1. Do Some Pre Ski Trip Research

Well done, it seems that you’ve already started your research right here. As with most sports, there are a few things you’ll need to make yourself familiar with in terms of etiquette, clothing and equipment.

On-piste etiquette is generally a matter of common sense and good manners. As far as clothing goes, if you’re a beginner stick to something functional and affordable; you don’t want to break the bank on gear you might only wear once! Get some good gear once you’re hooked on the sport

2. Get To Your Ski Resort Early

Chances are you’ll be with friends or family on your first ski trip and they may be experienced skiers. If you can, get to the resort early so that you can get your kit sorted out and take a couple of lessons.

Skiing is such a fun and exciting thing to do with friends and family and it makes a difference if you can enjoy the same slopes. Getting some advanced preparation in will get you safely alongside them quicker.

Having said that….

3. Know Your Limitations

Yes, it would be great to be up there with the best of your friends and family, but not at any cost. Pushing yourself too hard and too fast on your first ski trip can be unsafe, can hurt and can get you into bad skiing habits.

Ease yourself into this new skill; you’ll be using muscles in a different way, learning new skills and getting used to a new environment. That’s a lot to take in, so take your time. You’ll reap the benefits of good skiing techniques if you build your new skills slowly and steadily.

4. Adopt a Layering System of Clothing

Dressing correctly for the conditions will allow you to deal with most types of weather. This means not only having the correct clothing but also knowing how to wear it. Ski clothing is best utilized by adopting a 3 layer system.

The first layer of clothing is your base layer – the layer that is next to your skin. Ideally, this will be made of a material that has ‘wicking’ properties meaning that it will take sweat away from your body. Stop on the side of a ski slope when you are sweating and that moisture is going to bring your temperature down really quickly. So, invest in a good base layer.

Your middle layer is designed to keep you warm and a fleece or jumper is ideal. Be aware that you can overheat even in the snow especially when you’re learning, so something easy to put on and take off is good.

Your outer layer is for protection from wind and water. Many new materials exist for this, with the old favourite being Gore-Tex.

5. Hire Your Equipment

OK, so you’ve watched a few Ski Sunday episodes; that should not justify your purchase of the latest ski equipment. There will be plenty of opportunity for that once you’ve got your ski legs and decided you like it. Your best option is to hire your equipment. That way, if you get the wrong size you’ve just got a short trip to the ski shop to change.

Ski boots

Ski shops will replace their equipment, generally, at the end of each season, so you’re going to be skiing with the latest gear if you hire. They will also provide you with advice on fitting equipment and how tight your boots need to be locked into your skis.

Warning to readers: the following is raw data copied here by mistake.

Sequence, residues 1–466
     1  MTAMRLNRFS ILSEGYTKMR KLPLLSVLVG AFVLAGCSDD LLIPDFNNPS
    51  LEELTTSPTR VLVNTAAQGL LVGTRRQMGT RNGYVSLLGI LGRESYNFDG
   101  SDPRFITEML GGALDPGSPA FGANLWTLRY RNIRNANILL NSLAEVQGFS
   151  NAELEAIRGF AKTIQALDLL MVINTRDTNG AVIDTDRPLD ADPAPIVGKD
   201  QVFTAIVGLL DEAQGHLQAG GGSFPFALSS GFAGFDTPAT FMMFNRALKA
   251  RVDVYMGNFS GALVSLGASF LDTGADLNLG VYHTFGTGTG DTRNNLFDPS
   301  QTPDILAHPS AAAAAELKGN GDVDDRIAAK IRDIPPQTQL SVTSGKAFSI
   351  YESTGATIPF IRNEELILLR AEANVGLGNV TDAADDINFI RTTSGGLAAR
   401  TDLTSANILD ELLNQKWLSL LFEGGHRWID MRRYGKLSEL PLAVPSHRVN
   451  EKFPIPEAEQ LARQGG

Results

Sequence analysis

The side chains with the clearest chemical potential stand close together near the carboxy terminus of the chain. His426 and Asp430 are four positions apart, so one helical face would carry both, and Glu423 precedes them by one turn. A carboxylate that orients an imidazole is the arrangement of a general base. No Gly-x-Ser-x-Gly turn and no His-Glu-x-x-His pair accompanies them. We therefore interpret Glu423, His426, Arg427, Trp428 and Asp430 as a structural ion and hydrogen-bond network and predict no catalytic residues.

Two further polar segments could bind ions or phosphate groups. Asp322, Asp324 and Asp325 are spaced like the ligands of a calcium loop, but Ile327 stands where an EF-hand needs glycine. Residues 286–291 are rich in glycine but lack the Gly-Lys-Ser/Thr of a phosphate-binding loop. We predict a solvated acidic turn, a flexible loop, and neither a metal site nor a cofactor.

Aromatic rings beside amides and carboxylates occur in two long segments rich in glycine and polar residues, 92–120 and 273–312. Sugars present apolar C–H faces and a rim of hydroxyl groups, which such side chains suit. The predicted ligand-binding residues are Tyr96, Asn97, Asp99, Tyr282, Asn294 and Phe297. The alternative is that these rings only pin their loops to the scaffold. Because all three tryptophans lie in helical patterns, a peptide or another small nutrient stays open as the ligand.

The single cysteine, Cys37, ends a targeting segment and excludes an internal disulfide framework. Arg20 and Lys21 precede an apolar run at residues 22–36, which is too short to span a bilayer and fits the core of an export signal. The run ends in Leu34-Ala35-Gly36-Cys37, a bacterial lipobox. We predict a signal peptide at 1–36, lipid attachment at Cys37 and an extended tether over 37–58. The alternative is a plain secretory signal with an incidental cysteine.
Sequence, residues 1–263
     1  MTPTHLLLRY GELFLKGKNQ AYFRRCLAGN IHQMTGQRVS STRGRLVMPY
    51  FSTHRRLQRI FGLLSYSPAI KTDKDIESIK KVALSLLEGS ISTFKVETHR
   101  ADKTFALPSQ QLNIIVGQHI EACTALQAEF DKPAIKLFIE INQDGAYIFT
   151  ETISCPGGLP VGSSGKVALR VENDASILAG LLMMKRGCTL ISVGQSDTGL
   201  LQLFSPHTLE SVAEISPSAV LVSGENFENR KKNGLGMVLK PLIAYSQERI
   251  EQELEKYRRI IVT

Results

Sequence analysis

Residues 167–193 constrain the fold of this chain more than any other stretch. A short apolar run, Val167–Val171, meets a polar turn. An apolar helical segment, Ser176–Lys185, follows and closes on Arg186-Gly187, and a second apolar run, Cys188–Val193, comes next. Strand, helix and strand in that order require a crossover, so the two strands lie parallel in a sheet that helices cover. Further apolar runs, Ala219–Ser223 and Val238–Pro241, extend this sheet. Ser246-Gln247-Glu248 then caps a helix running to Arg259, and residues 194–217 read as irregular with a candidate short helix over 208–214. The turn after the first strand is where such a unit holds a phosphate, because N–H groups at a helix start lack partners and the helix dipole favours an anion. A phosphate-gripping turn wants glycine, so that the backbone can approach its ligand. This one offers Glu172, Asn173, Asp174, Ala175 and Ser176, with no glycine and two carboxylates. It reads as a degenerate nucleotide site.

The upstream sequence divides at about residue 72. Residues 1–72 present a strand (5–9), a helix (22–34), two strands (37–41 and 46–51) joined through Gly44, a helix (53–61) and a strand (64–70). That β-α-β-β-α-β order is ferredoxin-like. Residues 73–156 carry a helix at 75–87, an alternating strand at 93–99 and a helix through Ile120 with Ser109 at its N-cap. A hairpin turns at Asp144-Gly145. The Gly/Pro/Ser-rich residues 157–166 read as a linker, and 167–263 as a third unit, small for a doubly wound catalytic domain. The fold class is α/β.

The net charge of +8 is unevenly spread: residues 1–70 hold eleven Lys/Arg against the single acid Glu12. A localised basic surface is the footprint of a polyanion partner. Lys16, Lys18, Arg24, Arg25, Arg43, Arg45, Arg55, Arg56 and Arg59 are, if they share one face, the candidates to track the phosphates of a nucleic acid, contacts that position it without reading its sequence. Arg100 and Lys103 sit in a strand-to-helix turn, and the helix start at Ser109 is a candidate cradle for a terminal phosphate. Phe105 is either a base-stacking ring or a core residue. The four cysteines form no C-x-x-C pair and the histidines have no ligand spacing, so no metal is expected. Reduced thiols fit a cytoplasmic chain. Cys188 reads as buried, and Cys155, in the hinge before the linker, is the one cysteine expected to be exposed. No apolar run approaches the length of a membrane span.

6. Take Drinks and Snacks Onto the Slopes

Skiing can be physically exhausting, especially when learning for the first time. You should be looking to keep yourself topped up with nutrition and fluids routinely. Something easy to eat and, ideally, can be accessed without removing your gloves. Don’t forget to drink! You will dehydrate really quickly in the snow, so drink plenty of water.

7. Get Ski Fit

If you are new to skiing, you are going to be surprised at the muscle aches you will get, even if you are already fit. You will use your muscles in a way you have not done before, so practising ski-specific exercises before your trip will help.

Woman doing squads, Get Ski Fit

Your CV fitness is important too; the altitude you’ll be at will make even walking around cause you to breathe a little heavier. Plenty of stretching before your trip and each morning during it will help you get more supple and avoid aches and pains.

8. Use Sun Protection

Even when it is cold, mountain sunshine can burn you very quickly. At altitude you have less environmental protection from the sun’s rays and without sunscreen you can burn up. Also, get yourself a good pair of UV protection sunglasses – yes, you will look cooler, but they will also protect you from getting snow ‘blindness’ from the sun’s reflection off the white slopes. Your lips are also at risk of drying up quickly in the sun, so always carry a chapstick – people often don’t want to share theirs!

9. Never Ski Alone

The mountain can be a dangerous place if you do not respect it. Never think that you’ll be safe to ski on your own (on or off-piste) especially if you are a beginner. If you take a bad tumble and no one is around to help, you are going to deteriorate quickly in the cold. Always ski with a partner so that you can help each other out in an emergency. It’s more fun too!

10. Take Lessons From a Professional Instructor

Yes, your mate may be a really good skier, but if you are new to skiing you really should get lessons from a professional instructor. Either one-to-one lessons or as part of a group, you will learn faster with a professional. More importantly, you will learn the correct technique and having the correct technique will ultimately make you a faster, safer and more stylish skier.

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